Apec: A new phase of the journey
Last week, I attended the first quarterly meeting of 2020 of the Apec Business Advisory Council (Abac) in Sydney, Australia. Abac is composed of three members from each of the 21 economies which make up Apec or the Asia-Pacific Economic Cooperation. Collectively, these 21 economies make up just under one-half of the world’s population but account for the majority of global GDP and trade. The economies include Australia, Brunei, Canada, Chile, China, Hong Kong, Indonesia, Japan, Malaysia, Mexico, New Zealand, Papua New Guinea, Peru, Philippines, Russia, Singapore, Republic of Korea, Chinese Taipei, Thailand, and Vietnam. Chairmanship in Apec rotates every year among the economies and this year’s chair is Malaysia. The Philippines served as chair in 1996 and 2015.
Abac’s role is to serve as a business advisory council to Apec by discussing and delivering business-related recommendations to senior officials, Cabinet ministers, and leaders (e.g., presidents and prime ministers) of the 21 economies. Apec’s original mission and objective was to promote free trade in the Asia-Pacific. Formally created in 1989, Apec created a 25-year plan in 1994 known as the Bogor Goals to create a Free Trade Area of the Asia-Pacific by 2020, with a deadline for developed economies set for 2015 and a time frame for developing economies by 2020.
Abac was founded in 1995 to advise government officials on how to help achieve these goals. It held its first meeting in 1996 in Manila. It delivers a formal written report to leaders and holds a dialogue with them every November. Aside from that, it delivers written recommendations to at least eight sets of ministers, including trade ministers, finance ministers, energy ministers, and others. Its international secretariat is based in Manila.
Abac carries out its work through five working groups on regional economic integration; finance and economics; sustainable development; digital innovation; and micro-, small, and medium-scale enterprise development. Some details of the annual work plan have evolved over time but its basic mission has remained the same: trade and investment liberalization and continuous movement along the path toward a free trade area for the Asia and Pacific.
With its 25-year timeline for the Bogor Goals coming to a close, we have all been assessing what’s been accomplished and reflecting on what the next steps should be. As a group, Apec has seen its real GDP
grow from $19 trillion in 1989 when it was formed to $42 trillion by 2015, the latest available data. Per capita income has risen by 74 percent over that period, raising millions out of poverty and expanding a middle class over that period. Much of that was driven by trade growth which grew 6.7 times to $20 trillion (versus 5.6 times for the rest of the world). While the free trade area of the Asia-Pacific outlined in the Bogor Goals has not yet been achieved, movement has been seen along several pathways in that direction, most notably through the Regional Comprehensive Economic Partnership which covers some 18 countries; Trans-Pacific Partnership (around 11 countries); and Pacific Alliance (four countries).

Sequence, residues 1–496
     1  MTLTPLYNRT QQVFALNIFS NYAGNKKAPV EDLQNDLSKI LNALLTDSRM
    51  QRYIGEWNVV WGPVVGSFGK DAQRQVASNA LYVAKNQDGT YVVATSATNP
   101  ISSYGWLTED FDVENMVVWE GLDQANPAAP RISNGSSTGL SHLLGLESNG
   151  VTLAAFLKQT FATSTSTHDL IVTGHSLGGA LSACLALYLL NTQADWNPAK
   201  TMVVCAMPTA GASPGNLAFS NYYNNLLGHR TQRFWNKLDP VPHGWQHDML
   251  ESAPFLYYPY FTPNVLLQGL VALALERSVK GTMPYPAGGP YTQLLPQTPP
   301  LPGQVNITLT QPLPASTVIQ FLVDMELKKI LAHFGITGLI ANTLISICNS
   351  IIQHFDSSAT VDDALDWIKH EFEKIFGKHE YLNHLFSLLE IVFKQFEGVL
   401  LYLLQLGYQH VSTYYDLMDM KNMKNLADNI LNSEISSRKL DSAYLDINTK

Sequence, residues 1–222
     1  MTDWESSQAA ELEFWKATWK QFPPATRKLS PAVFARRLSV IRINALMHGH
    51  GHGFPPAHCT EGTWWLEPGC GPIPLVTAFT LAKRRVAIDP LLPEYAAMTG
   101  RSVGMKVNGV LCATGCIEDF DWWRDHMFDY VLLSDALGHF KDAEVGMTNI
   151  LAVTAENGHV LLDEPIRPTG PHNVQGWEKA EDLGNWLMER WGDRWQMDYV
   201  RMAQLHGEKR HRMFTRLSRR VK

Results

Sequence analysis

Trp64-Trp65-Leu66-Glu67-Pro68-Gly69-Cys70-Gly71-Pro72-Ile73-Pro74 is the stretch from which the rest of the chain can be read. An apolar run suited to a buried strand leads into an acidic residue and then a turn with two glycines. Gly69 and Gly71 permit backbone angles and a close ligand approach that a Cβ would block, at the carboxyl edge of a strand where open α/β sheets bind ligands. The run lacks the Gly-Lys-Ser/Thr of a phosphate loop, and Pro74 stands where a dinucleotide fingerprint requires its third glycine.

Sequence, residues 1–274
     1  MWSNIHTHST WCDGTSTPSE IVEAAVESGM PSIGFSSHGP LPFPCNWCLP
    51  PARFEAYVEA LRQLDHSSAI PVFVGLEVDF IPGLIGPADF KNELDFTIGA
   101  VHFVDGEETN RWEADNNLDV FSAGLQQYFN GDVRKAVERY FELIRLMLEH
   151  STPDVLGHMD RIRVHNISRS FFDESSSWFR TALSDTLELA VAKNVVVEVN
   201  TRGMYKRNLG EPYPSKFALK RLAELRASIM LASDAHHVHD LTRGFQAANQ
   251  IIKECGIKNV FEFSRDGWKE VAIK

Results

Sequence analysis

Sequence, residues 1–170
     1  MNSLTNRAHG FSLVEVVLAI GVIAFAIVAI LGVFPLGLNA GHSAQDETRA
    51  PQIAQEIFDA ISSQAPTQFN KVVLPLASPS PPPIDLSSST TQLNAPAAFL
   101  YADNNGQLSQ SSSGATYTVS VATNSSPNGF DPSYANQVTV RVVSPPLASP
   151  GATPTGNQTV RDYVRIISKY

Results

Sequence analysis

However, the ride has not always been smooth nor have results been equally felt across the region. Poverty and lower per capita incomes still persist and the middle class has not expanded that much in some economies, including the Philippines. While millions have been lifted out of poverty, clearly some have still been left behind. The tide has risen, but not lifted all boats. This is one of the reasons why there has been an antiglobalization sentiment in spite of the benefits which global trade and investments have brought.
More challenges lie ahead and this is where Apec will need to adjust its lenses even as it keeps its eyes on the path toward free trade for the region. Climate change, resilience, and sustainability will feature large in all our futures. Business practice and individual behavior will need to change to shape that new future. Digital innovation already is a transformational factor today. Artificial intelligence and machine learning will transform the way we work and educate our workers. Inclusion and inclusive growth will also be the new mantra as Apec moves into its next quarter century.
The next leg of this journey continues as the Philippines hosts the second Abac meeting of 2020 in April in Manila.
Guillermo M. Luz is an alternate member of Abac, associate director at Ayala Corporation, and chief resilience officer of the Philippine Disaster Resilience Foundation.
Business Matters is a project of the Makati Business Club ([email protected]).
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